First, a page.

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  • The telegram war between Bertie and his Aunt Dahlia.
    Aunt Dahlia: Am taking legal advice to ascertain whether strangling an idiot nephew counts as murder. If it doesn't look out for yourself. Consider your conduct frozen limit. What do you mean by planting your loathsome friends on me like this? Do you think Brinkley Court is a leper colony or what is it? Who is this Spink-Bottle? Love. Travers.
    [...]
    Aunt Dahlia: Well, this friend of yours has got here, and I must say that for a friend of yours he seems less sub-human than I had expected. A bit of a pop-eyed bleater, but on the whole clean and civil, and certainly most informative about newts. Am considering arranging series of lectures for him in neighbourhood. All the same I like your nerve using my house as a summer-hotel resort and shall have much to say to you on subject when you come down. Expect you thirtieth. Bring spats. Love. Travers.
    Bertie: On consulting engagement book find impossible come Brinkley Court. Deeply regret. Toodle-oo. Bertie.
    Aunt Dahlia: Oh, so it's like that, is it? You and your engagement book, indeed. Deeply regret my foot. Let me tell you, my lad, that you will regret it a jolly sight more deeply if you don't come down. [...] Deeply regret Brinkley Court hundred miles from London, as unable hit you with a brick. Love, Travers.
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  • Bertie and Jeeves's eyebrow competition.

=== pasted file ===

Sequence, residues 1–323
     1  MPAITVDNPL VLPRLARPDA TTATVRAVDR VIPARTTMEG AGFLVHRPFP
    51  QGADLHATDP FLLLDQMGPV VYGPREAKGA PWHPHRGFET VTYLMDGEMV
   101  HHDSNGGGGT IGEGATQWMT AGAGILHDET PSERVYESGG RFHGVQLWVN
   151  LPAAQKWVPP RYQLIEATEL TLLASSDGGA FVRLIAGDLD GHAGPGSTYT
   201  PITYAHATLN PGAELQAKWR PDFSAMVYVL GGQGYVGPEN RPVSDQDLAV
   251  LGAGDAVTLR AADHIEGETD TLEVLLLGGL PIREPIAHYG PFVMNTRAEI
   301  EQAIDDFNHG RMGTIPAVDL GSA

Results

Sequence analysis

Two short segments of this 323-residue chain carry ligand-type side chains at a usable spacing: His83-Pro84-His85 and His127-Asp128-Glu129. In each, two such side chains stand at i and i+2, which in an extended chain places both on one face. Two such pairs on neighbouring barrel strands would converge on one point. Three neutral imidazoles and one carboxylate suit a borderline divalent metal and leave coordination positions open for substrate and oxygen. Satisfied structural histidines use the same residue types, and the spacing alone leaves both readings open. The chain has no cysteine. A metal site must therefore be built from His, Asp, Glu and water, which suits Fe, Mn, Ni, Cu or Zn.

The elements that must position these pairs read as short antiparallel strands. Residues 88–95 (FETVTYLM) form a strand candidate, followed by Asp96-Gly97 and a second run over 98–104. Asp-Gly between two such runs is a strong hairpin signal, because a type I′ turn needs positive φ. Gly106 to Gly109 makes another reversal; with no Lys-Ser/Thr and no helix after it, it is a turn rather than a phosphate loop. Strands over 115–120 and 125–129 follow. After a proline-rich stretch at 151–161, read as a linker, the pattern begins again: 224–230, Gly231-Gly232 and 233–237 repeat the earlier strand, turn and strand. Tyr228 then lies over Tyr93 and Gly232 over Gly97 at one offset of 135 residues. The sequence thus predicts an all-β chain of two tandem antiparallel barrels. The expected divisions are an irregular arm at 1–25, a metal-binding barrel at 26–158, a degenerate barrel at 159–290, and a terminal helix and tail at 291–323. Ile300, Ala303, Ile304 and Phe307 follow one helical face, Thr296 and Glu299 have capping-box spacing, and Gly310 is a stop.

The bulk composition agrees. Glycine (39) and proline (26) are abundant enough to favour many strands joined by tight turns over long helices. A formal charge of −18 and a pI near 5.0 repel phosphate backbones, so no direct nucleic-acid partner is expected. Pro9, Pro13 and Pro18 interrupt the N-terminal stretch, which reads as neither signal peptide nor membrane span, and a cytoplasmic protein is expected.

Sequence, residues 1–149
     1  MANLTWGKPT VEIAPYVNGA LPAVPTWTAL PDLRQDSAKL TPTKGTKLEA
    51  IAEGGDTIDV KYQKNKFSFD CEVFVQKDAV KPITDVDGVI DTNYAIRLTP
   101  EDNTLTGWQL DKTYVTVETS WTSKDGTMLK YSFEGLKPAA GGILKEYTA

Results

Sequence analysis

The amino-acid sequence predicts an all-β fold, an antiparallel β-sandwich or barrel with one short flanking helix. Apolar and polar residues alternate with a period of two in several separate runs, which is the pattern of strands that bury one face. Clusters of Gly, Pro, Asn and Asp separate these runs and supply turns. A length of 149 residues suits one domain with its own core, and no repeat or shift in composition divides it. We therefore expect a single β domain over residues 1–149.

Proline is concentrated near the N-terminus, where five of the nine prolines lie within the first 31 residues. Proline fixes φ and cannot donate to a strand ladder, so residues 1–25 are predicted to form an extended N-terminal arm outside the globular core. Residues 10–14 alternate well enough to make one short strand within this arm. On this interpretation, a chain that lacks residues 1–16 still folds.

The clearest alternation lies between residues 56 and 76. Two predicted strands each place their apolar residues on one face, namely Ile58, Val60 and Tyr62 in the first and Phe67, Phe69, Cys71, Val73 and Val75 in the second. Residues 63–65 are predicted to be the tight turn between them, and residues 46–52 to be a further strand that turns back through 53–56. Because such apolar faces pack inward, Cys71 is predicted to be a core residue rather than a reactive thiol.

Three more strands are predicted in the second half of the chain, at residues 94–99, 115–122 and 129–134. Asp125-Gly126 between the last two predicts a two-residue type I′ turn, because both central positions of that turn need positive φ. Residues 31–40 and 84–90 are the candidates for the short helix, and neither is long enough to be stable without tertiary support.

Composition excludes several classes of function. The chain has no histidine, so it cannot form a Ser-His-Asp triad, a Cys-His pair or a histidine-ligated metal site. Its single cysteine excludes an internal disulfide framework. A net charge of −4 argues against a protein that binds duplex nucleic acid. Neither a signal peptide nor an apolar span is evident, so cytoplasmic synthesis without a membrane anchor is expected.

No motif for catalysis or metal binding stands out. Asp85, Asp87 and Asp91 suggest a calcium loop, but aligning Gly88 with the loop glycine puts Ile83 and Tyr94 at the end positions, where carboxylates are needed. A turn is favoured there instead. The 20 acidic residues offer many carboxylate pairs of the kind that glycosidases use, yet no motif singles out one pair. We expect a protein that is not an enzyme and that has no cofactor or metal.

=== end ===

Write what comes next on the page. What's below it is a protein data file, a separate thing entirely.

I consulted Jeeves once more in the language of the eyebrow. He raised one of his. I raised one of mine. He raised his other. I raised my other.
    Then we both raised both. Finally, there seeming no other policy to pursue, I flung wide the gates and Tuppy came shooting in.
    "Now what?" I said, as nonchalantly as I could manage.
    "Why was the door locked?" demanded Tuppy.
    I was in pretty good eyebrow-raising form by now, so I gave him a touch of it.
  • "And if I portrayed the scene with anything like adequate skill, the picture you will have retained of this Fink-Nottle will have been that of a nervous wreck, sagging at the knees, green about the gills, and picking feverishly at the lapels of his coat in an ecstasy of craven fear."
  • Gussie Fink-Nottle's epic drunken speech at the Market Snodsbury grammar-school prize-giving, which is often cited as Wodehouse's funniest passage. Sadly, it is somewhat lengthy to quote here, and makes little sense out of context because it acts as Chekhov's Gunman for half the gags in the book - but rest assured it is well worth reading.
    • Prior to Gussie's aforementioned drunken speech, Bertie and Jeeves discover that he's drunk.